This bearded dog breed’s luxurious beard really makes it stand out. They are quite a small breed, but they make up for their tiny size with their big personalities. They originate from Belgium, hence the name, and were originally bred for ratting stables. However, due to their unique appearance they soon caught the eye of the aristocracy, and have remained popular ever since. 

The Brussels Griffon’s reserved temperament means that care should be taken when introducing them to new people, or small children. Like many breeds, they will need plenty of dog socialisation and training to build up their confidence. Due to the sheer size that their beards can grow to, they will need trimming and cleaning, and their coats will need hand-stripping several times a year. 

5. Bearded Collie

This dog breed is well-known and loved for its facial hair. The Bearded Collie originates from the Scottish Highlands and with a thick double coat, this bearded dog breed was bred to thrive in colder weather conditions. Bearded Collies are extremely active, and would not suit being in an apartment or in a situation without any outdoor space or inadequate exercise. 

Despite this, compared to other Collie breeds, the Bearded Collie has a less intense working drive, which may make them more suitable for family life. They can be very friendly dogs with people and other dogs. However, they can be quite stubborn, which matched with their intelligence, can make training challenging, especially for novice owners. Ensuring training is always fun and different will help keep them engaged.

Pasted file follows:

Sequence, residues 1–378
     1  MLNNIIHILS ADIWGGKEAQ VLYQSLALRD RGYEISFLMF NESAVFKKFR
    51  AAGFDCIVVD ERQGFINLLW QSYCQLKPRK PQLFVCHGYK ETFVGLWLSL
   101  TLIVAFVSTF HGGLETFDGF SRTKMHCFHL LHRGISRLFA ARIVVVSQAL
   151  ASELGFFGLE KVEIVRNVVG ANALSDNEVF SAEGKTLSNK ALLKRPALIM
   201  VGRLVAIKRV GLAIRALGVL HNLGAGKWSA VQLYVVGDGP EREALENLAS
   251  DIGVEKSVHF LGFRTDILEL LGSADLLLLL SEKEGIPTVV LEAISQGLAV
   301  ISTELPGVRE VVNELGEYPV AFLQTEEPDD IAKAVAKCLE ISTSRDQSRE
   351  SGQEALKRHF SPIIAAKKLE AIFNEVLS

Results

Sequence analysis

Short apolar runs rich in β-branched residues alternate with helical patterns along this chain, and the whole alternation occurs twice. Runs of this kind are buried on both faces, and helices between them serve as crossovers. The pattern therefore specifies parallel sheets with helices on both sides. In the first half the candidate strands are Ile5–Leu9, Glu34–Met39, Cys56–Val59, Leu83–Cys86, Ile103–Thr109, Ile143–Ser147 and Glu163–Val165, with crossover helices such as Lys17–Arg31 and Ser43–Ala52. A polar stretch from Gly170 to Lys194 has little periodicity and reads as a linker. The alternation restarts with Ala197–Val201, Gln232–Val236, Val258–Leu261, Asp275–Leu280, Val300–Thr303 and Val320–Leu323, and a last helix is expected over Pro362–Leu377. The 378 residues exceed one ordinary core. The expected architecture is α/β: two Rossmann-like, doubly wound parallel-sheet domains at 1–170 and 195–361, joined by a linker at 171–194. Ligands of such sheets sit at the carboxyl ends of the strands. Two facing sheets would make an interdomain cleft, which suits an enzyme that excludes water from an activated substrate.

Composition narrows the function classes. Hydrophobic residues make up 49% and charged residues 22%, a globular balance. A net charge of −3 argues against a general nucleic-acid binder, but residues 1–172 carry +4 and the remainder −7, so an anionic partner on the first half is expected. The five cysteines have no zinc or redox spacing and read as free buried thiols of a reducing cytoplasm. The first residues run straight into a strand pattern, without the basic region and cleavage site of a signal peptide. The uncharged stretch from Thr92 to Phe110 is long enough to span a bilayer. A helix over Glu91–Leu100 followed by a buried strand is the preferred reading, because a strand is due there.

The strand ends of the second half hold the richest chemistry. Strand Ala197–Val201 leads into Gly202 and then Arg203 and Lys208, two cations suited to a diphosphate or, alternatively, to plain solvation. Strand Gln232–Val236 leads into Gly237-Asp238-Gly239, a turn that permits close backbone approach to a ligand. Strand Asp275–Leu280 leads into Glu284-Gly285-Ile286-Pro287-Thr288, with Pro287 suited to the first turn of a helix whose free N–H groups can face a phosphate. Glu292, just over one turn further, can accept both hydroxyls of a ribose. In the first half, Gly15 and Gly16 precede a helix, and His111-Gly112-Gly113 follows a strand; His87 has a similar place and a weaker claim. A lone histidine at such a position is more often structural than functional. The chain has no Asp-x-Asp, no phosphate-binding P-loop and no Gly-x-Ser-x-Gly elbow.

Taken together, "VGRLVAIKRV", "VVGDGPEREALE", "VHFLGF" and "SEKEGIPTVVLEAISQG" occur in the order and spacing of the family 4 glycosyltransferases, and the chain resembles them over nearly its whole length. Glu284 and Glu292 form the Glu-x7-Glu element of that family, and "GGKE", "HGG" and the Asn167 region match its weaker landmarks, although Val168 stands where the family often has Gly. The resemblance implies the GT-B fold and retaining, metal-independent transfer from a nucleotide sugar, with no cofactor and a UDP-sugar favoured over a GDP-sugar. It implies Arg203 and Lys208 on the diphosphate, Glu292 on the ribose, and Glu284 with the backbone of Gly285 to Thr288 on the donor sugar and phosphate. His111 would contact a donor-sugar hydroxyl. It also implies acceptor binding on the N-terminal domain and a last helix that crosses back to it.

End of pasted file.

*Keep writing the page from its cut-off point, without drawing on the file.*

The Bearded Collie also needs a stringent grooming routine, as its coat can quickly become matted and tangled. 

6. Soft Coat Wheaten Terrier 

This breed is often mistaken for a Schnauzer; however, their coat is much lighter and softer. “Wheaten” comes from the golden-coloured coat. 

The Wheaten Terrier needs a well-established grooming routine to make sure its coat stays looking its best and doesn’t become matted.

They originate from Ireland and can be extremely loyal to their families, as well as a little stubborn, so patience is required when training this breed of dogs with beards. 

7. Yorkshire Terrier

This breed is one of the most well-known small dog breeds around. However, don’t let their small appearance fool you, they are full of personality. The Yorkshire Terrier was originally bred to work in mines and textile mills to hunt vermin. It is now one of the most popular lap dog breeds in the world. 

This breed has a long silky coat and a beard that can reach the floor. Their coat also benefits from regular grooming to keep it looking its best. 

8. Maltese 

The Maltese is a toy breed which has a long history. Their tiny faces are framed with a silky moustache or beard, and their coat rarely sheds. The Maltese can be quite a playful and rather social breed. They are also great socialisers with new people. 

They are known for their great intelligence but can be pretty stubborn, so it is important to persevere with lots of reward-based training. Despite their luxurious looks, this breed is quite energetic, making them great for canine sports

That’s the end of our guide on the best dogs with beards! Many dog breeds sport a moustache that is good enough to compete with us humans! And what’s better, they are cute too.

Want to know about different dog quirks? Check out our article on small dogs with long hair, next.